White privilege is nothing more than applied white supremacy for white people. Applied white supremacy for people of color is called racism.”
In between his conversations with small groups, Vargas visits white people in mostly rural areas to talk about their specific situations. There’s the young gay white man who grew up in a majority white town in the South and makes his first Black friends when he attends a historically Black university, and the mini-drama that ensues when he introduces them to his white friends. Vargas travels to South Dakota to speak with white teachers at the Pine Ridge Indian Reservation, where they are often confronted with reminders of the horrific legacy of white colonizers. In Scotsdale, Arizona, a white student named Katy tells her story about not being able to attend her dream university because she thinks that people of color snatched up all of her scholarships. And finally, a Brooklyn Italian-American family who initially felt wary to the influx of Asian immigrants to their neighborhood concede that this new foreign-born community resembles how Italians first arrived in New York City.
These are a lot of stories and conflicts to resolve in less than an hour. Armed with statistics (like how three-quarters of young white people say they’re color-blind and how white students are 40 percent more likely to receive a merit-based scholarship over a student of color, all things considered), Vargas opens dialogues in hopes of creating a greater conversation about how color-blindness erases people to quiet the notion of discrimination against white students applying for scholarships. In the end, it’s all talk about, well, talking.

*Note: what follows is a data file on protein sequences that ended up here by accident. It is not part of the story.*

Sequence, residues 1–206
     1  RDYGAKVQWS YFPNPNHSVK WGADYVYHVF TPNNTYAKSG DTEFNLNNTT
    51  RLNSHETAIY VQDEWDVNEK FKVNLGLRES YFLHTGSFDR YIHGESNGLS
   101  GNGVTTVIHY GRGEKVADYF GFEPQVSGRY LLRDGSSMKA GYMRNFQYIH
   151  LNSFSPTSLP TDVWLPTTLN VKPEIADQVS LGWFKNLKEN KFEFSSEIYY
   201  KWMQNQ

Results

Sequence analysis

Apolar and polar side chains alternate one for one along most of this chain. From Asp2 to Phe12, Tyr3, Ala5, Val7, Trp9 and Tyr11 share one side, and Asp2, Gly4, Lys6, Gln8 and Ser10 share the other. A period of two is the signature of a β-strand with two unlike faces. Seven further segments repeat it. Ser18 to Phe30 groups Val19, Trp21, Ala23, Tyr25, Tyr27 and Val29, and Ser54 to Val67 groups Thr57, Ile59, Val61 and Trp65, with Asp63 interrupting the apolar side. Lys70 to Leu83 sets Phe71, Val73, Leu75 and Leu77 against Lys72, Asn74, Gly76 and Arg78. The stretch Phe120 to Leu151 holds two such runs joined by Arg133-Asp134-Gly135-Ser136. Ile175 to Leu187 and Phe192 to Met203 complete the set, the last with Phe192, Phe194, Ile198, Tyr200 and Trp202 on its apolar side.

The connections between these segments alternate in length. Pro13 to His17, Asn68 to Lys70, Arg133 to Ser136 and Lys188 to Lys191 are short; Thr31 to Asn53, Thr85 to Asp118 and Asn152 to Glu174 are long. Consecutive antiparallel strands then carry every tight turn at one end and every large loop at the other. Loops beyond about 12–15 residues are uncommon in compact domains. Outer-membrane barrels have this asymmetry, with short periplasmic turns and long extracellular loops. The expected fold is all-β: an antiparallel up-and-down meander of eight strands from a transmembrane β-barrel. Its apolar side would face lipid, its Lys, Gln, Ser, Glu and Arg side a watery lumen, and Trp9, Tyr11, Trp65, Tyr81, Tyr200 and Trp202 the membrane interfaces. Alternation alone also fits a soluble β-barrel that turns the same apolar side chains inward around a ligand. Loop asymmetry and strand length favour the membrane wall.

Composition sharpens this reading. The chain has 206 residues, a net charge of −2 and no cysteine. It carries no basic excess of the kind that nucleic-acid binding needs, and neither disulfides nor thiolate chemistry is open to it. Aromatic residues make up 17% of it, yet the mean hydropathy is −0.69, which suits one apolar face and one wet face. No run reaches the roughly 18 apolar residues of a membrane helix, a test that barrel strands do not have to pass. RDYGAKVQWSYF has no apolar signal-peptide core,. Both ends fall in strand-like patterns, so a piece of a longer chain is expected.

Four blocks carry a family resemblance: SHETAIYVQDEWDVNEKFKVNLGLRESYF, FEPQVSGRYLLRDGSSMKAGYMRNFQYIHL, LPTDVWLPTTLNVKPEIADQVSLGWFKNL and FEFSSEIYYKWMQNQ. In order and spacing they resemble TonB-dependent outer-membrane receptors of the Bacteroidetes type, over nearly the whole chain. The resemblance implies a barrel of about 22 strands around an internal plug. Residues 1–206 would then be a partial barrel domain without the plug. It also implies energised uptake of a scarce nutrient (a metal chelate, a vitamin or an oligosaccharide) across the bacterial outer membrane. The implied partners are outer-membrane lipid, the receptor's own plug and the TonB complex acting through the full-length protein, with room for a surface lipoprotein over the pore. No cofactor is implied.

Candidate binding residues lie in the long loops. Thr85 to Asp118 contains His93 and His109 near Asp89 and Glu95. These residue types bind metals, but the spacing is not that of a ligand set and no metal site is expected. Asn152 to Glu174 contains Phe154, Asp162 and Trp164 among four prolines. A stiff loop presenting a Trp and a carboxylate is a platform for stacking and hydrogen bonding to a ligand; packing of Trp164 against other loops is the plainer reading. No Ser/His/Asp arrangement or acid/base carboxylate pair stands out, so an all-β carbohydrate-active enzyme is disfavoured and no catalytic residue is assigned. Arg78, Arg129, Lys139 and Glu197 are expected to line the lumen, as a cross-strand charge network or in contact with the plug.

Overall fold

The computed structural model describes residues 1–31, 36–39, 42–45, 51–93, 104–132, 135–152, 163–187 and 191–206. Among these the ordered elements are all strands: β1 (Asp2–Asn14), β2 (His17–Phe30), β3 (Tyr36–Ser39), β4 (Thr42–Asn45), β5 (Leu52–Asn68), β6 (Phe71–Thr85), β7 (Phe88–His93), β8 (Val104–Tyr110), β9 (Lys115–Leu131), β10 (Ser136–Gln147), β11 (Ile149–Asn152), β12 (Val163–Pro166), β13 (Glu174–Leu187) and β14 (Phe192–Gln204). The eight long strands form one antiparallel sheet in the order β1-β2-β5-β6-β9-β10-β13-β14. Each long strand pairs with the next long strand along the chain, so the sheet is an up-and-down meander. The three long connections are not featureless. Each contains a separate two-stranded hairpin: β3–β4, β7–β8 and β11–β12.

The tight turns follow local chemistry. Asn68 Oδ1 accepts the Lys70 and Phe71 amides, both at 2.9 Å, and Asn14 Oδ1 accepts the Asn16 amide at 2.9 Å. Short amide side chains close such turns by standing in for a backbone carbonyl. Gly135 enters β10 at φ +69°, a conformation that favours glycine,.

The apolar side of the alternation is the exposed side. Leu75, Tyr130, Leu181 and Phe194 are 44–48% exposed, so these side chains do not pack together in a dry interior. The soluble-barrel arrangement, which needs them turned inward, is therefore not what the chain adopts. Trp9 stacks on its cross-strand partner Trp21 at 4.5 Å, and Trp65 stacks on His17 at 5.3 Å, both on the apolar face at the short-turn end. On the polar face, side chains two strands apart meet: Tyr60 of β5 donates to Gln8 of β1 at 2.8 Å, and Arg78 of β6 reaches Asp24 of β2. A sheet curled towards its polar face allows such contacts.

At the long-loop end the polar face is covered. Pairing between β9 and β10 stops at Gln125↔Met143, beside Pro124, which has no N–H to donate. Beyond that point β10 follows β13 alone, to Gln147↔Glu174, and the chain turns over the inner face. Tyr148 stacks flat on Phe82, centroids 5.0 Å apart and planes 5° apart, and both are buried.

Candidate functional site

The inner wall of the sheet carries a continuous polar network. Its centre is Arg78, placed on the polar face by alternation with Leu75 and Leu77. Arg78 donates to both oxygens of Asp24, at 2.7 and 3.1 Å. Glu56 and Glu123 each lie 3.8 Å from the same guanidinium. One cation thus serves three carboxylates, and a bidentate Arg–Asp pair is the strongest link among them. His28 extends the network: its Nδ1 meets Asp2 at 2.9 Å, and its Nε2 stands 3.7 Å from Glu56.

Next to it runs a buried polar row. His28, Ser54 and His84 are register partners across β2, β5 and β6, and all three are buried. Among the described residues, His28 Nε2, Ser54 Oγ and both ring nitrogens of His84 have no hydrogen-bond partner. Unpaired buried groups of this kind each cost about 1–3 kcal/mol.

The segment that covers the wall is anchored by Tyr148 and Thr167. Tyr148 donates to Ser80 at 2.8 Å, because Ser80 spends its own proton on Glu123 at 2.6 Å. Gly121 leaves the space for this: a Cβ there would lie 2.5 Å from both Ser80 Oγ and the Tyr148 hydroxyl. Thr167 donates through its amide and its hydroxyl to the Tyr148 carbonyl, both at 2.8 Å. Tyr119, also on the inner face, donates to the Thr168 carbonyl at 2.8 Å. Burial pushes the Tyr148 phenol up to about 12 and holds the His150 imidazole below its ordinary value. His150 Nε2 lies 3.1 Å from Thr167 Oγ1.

Hua Hsu’s review from the New Yorker notes that while the film is remarkable for existing in the first place, he advises against keeping the discussion conversational:
But the show, emblematic of one version of our “conversation on race,” presumes that the solution is conversational. The problem with dwelling on the sullen vibes or narcissistic guilt spirals of white people is that feelings can change with relative ease. The scenes of American injustice that we see on a regular basis are not failures of people being insufficiently nice to one another. They are about the legacies and structures that hem in our choices, that define the circumference of our imaginations, that trigger our personal gut reaction to the very word “dream.” They are about those whom the truth cannot set free. We can control and harness our feelings. I have no idea how to destroy and rebuild our institutions.
Racial justice in America can’t stop with the mere acknowledgement of whiteness, or even of white privilege. If we’re going to talk about this, let’s not walk on eggshells. The conversation needs to move the idea of “white supremacists” away from fringe groups with white hoods and to look at how white supremacist policies and legislation permeate our daily lives.
The documentary is available at mtv.com and below: